September 08, 2013

Photocopiers – A Recurring Data Security Risk

By Kenneth K. Dort

Note: This article was originally published by Drinker Biddle as a client alert, seen below. To view the Law360 version of the article, click here.

In a case that illustrates the data privacy risks associated with modern copiers, the United States Department of Health and Human Resources (HHS) has announced a $1,215,780 settlement with Affinity Health Plan, Inc. (Affinity), arising from an investigation of potential violations of the HIPAA Privacy and Security Rules.

This matter started when Affinity was advised by CBS Evening News that CBS had purchased a photocopier previously leased by Affinity.  CBS explained that the copier’s hard drive contained confidential medical information relating to Affinity patients.  As a result, on August 15, 2010, Affinity self-reported a breach with the HHS’ Office for Civil Rights (OCR).  Affinity estimated that the medical records of approximately 344,000 persons may have been affected by this breach.  Moreover, Affinity apparently had returned multiple photocopiers to office equipment vendors in the past without erasing the data contained upon the internal hard drives of those returned copiers.

After investigating this matter, OCR determined that Affinity had failed to incorporate photocopier hard drives into its definition of electronic protected health information (ePHI) in its risk assessments as required by the Security Rule.  Affinity also failed to implement appropriate policies and procedures to scrub internal hard drives when returning photocopiers to its office equipment vendors.  As a result, OCR determined that Affinity also violated the Privacy Rule.

In discussing this issue, Leon Rodriguez, Director of OCR, stated that, "This settlement illustrates an important reminder about equipment designed to retain electronic information: Make sure that all personal information is wiped from hardware before it is recycled, thrown away or sent back to a leasing agent…HIPAA covered entities are required to undertake a careful risk analysis to understand the threats and vulnerabilities to individuals' data, and have appropriate safeguards in place to protect this information."

In addition to the agreed upon settlement payment of $1,215,780, the settlement also requires the implementation of a Corrective Action Plan (CAP).  The CAP requires Affinity to use its best efforts to retrieve all hard drives that were contained on photocopiers previously leased by the plan that remain in the possession of the leasing agent, and take protective measures to safeguard all ePHI going forward.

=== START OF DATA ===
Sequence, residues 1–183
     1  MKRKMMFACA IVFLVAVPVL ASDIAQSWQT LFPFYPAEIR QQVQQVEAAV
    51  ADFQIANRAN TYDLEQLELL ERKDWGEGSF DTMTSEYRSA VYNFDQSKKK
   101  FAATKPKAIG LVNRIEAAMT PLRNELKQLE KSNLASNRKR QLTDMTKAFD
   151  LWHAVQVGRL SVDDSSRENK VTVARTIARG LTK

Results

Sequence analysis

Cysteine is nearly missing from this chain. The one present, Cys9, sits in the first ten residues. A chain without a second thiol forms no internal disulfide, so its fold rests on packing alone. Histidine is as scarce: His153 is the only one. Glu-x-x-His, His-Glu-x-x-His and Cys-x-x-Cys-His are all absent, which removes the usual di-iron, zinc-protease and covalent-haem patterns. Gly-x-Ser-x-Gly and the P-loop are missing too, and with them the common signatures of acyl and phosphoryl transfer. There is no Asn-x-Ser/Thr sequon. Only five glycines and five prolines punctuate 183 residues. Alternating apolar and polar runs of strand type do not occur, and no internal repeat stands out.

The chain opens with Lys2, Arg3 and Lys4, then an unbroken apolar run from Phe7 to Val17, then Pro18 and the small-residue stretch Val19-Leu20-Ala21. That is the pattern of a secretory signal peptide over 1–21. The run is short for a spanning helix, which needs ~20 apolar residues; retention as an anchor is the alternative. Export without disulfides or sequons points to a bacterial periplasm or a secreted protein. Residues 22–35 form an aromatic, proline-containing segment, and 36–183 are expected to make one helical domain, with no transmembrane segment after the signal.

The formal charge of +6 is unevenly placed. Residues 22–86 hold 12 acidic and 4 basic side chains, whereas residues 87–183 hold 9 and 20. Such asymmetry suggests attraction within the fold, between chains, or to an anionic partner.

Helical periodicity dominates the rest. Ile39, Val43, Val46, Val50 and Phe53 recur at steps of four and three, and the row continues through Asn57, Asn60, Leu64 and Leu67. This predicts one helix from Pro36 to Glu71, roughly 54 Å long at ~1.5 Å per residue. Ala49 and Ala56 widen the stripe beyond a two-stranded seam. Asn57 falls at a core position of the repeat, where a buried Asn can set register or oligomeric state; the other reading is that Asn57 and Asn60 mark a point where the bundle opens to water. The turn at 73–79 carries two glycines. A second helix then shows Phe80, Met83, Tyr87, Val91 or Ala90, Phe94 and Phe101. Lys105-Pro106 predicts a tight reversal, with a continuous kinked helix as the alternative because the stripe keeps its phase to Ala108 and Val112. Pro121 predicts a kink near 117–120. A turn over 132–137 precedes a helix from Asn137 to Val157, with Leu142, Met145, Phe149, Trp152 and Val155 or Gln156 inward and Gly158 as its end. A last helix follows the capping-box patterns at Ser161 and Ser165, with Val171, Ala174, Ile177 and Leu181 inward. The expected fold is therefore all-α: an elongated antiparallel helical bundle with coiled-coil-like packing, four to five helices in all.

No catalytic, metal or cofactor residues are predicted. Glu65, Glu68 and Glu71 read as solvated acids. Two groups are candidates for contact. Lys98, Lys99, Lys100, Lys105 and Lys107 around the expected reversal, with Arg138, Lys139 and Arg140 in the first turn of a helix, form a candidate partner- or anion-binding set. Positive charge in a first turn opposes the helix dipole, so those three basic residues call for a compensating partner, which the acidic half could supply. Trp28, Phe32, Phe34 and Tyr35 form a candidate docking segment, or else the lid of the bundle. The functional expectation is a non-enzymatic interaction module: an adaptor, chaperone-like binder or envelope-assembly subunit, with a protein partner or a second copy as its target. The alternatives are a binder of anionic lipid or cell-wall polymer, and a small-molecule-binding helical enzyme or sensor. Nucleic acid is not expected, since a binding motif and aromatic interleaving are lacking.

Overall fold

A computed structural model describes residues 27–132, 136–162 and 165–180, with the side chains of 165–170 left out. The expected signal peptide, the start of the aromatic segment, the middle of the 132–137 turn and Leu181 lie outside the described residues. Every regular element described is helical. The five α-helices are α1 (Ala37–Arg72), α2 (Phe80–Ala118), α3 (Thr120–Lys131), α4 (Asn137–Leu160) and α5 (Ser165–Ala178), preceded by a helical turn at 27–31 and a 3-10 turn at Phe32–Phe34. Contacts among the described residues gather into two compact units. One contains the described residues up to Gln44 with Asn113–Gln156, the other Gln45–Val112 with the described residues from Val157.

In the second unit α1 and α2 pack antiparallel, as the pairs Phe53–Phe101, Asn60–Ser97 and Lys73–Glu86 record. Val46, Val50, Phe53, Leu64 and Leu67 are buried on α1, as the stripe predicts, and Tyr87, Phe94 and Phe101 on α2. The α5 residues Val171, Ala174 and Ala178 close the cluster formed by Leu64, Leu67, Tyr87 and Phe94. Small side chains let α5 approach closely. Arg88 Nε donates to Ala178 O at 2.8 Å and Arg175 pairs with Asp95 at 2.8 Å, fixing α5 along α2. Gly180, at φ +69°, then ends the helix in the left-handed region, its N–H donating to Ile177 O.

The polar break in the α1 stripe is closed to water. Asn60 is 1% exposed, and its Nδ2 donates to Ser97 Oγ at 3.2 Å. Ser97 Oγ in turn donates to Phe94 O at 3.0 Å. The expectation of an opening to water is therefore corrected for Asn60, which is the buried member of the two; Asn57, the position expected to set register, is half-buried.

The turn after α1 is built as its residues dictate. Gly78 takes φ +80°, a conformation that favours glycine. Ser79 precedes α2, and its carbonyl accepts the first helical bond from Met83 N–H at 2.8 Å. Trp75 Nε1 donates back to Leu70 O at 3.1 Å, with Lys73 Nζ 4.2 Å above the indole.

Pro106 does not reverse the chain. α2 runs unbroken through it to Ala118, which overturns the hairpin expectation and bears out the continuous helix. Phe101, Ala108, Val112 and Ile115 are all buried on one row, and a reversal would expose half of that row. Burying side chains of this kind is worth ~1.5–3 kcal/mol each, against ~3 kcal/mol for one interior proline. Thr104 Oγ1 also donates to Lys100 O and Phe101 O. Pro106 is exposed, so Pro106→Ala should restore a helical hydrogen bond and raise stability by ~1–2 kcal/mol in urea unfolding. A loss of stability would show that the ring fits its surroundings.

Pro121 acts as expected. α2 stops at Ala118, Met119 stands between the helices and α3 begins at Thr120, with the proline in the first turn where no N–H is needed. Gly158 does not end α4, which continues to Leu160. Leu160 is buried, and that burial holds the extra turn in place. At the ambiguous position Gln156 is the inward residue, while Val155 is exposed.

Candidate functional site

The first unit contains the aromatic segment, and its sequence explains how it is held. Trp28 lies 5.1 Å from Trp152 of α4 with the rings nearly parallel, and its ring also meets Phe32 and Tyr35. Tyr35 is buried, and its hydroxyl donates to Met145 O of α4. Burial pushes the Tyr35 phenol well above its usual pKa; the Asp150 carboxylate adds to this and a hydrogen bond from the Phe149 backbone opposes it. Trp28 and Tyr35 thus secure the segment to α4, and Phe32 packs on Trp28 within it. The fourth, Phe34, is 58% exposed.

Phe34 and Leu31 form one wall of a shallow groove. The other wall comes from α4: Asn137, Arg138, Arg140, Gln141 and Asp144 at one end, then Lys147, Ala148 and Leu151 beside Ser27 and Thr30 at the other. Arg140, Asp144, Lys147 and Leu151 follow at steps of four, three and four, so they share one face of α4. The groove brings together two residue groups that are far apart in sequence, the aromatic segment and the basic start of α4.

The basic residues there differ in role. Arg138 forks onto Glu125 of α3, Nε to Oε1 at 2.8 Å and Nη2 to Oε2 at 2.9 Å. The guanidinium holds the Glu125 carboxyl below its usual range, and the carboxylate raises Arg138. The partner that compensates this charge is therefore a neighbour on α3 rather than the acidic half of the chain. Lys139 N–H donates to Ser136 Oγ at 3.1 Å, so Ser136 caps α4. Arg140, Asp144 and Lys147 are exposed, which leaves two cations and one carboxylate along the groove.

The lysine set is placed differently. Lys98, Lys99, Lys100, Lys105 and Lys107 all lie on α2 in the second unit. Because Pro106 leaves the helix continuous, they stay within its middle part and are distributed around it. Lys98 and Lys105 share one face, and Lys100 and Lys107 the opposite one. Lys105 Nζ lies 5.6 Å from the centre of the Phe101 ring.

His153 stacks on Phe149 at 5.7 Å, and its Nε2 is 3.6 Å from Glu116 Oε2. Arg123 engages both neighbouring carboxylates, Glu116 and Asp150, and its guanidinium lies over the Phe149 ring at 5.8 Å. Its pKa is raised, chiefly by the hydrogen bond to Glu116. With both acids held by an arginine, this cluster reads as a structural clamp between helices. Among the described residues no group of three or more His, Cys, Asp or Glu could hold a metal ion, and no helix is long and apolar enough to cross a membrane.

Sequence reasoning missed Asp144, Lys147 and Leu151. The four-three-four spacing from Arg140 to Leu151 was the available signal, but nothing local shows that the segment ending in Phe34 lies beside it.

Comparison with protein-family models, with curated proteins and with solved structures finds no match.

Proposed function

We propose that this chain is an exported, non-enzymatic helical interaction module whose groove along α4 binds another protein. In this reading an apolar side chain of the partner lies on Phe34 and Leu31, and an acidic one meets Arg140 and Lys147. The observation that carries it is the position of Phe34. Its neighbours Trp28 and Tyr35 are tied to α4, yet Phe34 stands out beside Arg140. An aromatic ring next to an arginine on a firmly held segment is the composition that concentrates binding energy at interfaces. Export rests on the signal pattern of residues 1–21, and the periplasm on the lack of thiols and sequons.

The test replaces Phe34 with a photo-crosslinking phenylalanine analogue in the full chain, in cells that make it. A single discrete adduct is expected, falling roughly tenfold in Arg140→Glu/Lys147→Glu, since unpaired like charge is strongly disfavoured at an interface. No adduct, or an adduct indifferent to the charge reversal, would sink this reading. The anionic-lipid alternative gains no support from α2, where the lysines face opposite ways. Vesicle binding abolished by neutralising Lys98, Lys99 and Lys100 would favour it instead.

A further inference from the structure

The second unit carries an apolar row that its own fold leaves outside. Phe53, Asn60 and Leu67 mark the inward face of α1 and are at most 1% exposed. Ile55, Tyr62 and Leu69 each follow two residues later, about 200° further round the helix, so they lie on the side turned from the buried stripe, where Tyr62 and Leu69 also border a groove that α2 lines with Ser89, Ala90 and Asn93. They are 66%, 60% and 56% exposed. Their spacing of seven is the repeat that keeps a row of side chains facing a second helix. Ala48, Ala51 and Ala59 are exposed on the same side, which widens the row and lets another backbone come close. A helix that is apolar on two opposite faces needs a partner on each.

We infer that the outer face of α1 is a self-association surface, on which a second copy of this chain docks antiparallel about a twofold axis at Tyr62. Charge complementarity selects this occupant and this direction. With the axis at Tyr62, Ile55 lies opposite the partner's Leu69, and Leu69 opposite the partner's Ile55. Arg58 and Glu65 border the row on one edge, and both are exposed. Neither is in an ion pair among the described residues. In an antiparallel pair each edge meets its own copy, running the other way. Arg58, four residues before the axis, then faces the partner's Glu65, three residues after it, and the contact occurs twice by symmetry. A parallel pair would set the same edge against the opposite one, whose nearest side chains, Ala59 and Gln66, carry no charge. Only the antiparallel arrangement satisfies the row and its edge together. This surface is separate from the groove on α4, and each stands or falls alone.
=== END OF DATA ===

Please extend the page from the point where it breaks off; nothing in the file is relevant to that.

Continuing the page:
Points to Consider

Affinity’s case demonstrates the risks presented by the modern copier – they are specialized computers that will store data and retain it indefinitely.  Thus, they pose a security risk for any company that processes and/or possesses personally identifiable information or proprietary information, such as trade secrets, research and development records, marketing plans and financial information.  Clearly, this risk applies to businesses regardless of specific business sector.

Therefore, when acquiring a copier, consider all options available to protect the data processed on that machine, typically through encryption or overwriting.  Encryption will scramble the data that remains stored on the copier’s hard drive.  Overwriting (or wiping) will make reconstructing the data initially on the drive very difficult.

Finally, anticipate the copier’s return to the vendor or other disposition.  Make sure that arrangements are made prior to the copier’s departure to effect the hard drive’s removal and secure disposition so as to make any data on it unusable to third parties.  Often vendors will provide such a service as will IT consultants.

Note that protecting sensitive information is a company’s ongoing responsibility.  Make sure that copiers are considered as part of any comprehensive data security or privacy policy (as are PCs, laptops, smart phones, flash drives and other electronic devices) to avoid an avoidable, but costly and embarrassing, data breach.

For additional information from the FTC on safeguarding sensitive data stored on the hard drives of digital copiers, click here.

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